\[\frac{[x_1, x_2]}{[y_1, y_2]} = [x_1, x_2] \cdot \frac{1}{[y_1, y_2]},\] where \[\begin{aligned} \frac{1}{[y_1, y_2]} &= \left[\tfrac{1}{y_2}, \tfrac{1}{y_1} \right] \textrm{ if }\;0 \notin [y_1, y_2]\\ \frac{1}{[y_1, 0]} &= \left[-\infty, \tfrac{1}{y_1} \right] \end{aligned}\]


\[\begin{aligned} \frac{1}{[0, y_2]} &= \left [\tfrac{1}{y_2}, \infty \right ] \\ \frac{1}{[y_1, y_2]} &= \left [-\infty, \tfrac{1}{y_1} \right ] \cup \left [\tfrac{1}{y_2}, \infty \right ] \textrm{ if }\;0 \in (y_1, y_2) \end{aligned}\]


  • Exponential function: \(a^{[x_1, x_2]} = [a^{x_1},a^{x_2}]\) for \(a > 1,\)
  • Logarithm: \(\log_a [x_1, x_2] = [\log_a {x_1}, \log_a {x_2}]\) for positive intervals \([x_1, x_2]\) and \(a>1,\)
  • Odd powers: \([x_1, x_2]^n = [x_1^n,x_2^n]\), for odd \(n\in ℕ\)

What happens in even powers?

Density of the stone ball

Measuring the diameter

Let’s measure the diameter using a caliper

It is about 5.3cm

Since the ball is not 100% spherical, the diameter varies between 5.2cm and 5.4cm

Now we can calculate the volume using the formula \[\frac{4}{3} π r^3\]

Calculating the volume

Using the central value

diam <- 5.3
r <- diam/2
[1] 2.65
vol <- 4/3 * pi * r^3
[1] 77.95181

Being pessimistic

Maybe the diameter is 5.2cm. Then

diam_min <- 5.2
r_min <- diam_min/2
vol_min <- 4/3 * pi * r_min^3
[1] 73.62218

Being optimistic

Maybe the diameter is 5.4cm. Then

diam_max <- 5.4
r_max <- diam_max/2
vol_max <- 4/3 * pi * r_max^3
[1] 82.44796

A range of possibilities

The real volume is somewhere in the range

c(vol_min, vol_max)
[1] 73.62218 82.44796

That is, an interval with center

[1] 78.03507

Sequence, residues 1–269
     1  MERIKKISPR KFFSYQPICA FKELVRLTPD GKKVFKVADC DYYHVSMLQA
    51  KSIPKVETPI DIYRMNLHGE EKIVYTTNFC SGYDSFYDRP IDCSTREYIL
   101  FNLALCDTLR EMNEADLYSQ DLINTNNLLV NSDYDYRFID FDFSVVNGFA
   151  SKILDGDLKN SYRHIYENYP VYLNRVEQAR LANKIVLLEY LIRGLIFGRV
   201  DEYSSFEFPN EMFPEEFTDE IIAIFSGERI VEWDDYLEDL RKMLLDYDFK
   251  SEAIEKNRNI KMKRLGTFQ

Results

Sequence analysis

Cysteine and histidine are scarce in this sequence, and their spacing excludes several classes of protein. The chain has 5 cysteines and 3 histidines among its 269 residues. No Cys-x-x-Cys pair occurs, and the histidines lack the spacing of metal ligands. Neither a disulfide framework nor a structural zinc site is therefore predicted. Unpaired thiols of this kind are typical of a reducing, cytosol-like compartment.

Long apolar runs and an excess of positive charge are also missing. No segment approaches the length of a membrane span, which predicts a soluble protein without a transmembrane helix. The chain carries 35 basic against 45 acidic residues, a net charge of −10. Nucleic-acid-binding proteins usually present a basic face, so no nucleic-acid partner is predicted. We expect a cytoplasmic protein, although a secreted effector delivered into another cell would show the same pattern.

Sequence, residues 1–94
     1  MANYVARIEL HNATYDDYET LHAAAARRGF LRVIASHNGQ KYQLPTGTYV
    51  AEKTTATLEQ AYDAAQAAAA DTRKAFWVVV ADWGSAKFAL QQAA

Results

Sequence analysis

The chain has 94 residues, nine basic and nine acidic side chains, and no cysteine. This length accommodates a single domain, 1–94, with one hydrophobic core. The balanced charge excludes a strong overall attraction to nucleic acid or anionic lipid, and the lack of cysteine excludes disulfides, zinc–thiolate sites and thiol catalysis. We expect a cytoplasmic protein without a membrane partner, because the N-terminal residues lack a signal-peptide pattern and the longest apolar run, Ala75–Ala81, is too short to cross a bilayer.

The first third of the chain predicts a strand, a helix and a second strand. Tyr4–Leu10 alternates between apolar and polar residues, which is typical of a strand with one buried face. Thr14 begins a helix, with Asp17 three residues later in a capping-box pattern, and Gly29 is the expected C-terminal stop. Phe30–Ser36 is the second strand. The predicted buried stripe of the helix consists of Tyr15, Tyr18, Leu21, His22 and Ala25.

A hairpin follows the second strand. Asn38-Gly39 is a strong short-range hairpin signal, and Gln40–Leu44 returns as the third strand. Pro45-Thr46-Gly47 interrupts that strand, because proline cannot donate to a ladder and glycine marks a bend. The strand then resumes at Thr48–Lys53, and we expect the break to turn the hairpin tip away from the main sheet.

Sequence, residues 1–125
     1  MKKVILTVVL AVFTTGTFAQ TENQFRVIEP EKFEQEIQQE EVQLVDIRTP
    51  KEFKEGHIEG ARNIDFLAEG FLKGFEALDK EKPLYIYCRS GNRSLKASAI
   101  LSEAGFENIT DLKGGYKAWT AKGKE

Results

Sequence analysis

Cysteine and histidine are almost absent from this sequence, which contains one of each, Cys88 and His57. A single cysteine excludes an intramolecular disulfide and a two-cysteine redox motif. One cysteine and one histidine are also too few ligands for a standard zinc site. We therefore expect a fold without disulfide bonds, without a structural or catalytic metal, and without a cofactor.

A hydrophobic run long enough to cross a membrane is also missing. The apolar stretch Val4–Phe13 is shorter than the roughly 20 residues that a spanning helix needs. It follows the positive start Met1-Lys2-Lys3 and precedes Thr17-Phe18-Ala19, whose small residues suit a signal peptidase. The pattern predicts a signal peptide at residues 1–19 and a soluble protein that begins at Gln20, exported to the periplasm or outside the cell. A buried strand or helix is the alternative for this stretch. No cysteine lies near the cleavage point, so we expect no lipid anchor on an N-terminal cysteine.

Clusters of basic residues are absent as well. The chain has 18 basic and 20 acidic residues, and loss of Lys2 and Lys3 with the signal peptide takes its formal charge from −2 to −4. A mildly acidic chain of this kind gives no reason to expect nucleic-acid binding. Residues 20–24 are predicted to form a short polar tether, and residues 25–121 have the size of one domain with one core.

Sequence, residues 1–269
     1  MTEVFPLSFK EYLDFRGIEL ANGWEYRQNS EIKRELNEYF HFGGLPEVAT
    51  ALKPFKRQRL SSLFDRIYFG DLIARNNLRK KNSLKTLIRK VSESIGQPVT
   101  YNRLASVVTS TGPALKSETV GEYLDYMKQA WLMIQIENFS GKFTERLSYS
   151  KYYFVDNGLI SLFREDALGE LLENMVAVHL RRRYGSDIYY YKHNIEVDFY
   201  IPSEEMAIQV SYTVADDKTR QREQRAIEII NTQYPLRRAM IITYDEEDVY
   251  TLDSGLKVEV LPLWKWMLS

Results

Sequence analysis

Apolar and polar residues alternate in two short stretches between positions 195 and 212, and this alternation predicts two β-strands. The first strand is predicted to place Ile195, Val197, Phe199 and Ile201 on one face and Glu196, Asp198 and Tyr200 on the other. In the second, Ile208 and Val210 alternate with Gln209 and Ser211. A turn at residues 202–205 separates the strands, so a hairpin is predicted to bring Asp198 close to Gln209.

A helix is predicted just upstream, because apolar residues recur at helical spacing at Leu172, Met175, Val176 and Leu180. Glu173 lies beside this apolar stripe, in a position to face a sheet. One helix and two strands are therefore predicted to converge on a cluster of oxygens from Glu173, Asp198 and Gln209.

and width

[1] 4.41289

Two possible centers

Notice that

[1] 78.03507

is not the same as

[1] 77.95181

but both values are close (why?)

For now we take the first one

How many decimals?

We can write 78.0350671 ± 4.4128905 cm3

But then, most of the decimals are meaningless

We get a false feeling of precision,
but we really do not know all the decimals

Rounding numbers

First, we round the error term to a single digit

[1] 4

Then we discard all decimals smaller than the error term

[1] 78

so we write 78 ± 4cm3

(we get the same result if we use vol)

Evaluating the density

Each measurement is an interval

We have \[\text{vol}=78\text{cm}^3 ± 4\text{cm}^3\] and \[\text{mass}=250\text{gr} ± 50\text{gr}\]

Now we can calculate the density

We will consider all possible cases


\[\begin{aligned} \text{vol} &=[74, 82]\text{cm}^3\\ \text{mass}&=[200, 300]\text{gr}\\ \text{density}_{\min} &=\min \left\{\frac{200}{74}, \frac{300}{74},\frac{200}{82},\frac{300}{82}\right\}\frac{\text{gr}}{\text{cm}^3}\\ \text{density}_{\max} &=\max\left\{\frac{200}{74}, \frac{300}{74},\frac{200}{82},\frac{300}{82}\right\}\frac{\text{gr}}{\text{cm}^3}\ \end{aligned} \]


\[\text{density}=[2.4390244, 4.0540541] \frac{\text{gr}}{\text{cm}^3}\] Rounding, we get \[\text{density}=[2.4, 4.1] \frac{\text{gr}}{\text{cm}^3}\]


  • Train your instinct
  • If you can, think slow
  • Every measurement is an interval
  • All calculations yield an interval
  • Find the margin of error
  • Omit decimals smaller than the margin of error
  • Intervals can be written \([x_{min}, x_{max}]\) or \(x_{mean}±\Delta x\)

Apply to Drake equation

\[N = R_* \cdot f_\mathrm{p} \cdot n_\mathrm{e} \cdot f_\mathrm{l} \cdot f_\mathrm{i} \cdot f_\mathrm{c} \cdot L\]

  • \(R_{*}\) = 1 yr-1
  • \(f_{p}\) = 0.2 to 0.5
  • \(n_{e}\) = 1 to 5
  • \(f_{l}\) = 1
  • \(f_{i}\) = 1
  • \(f_{c}\) = 0.1 to 0.2
  • \(L\) = 1000 to 100,000,000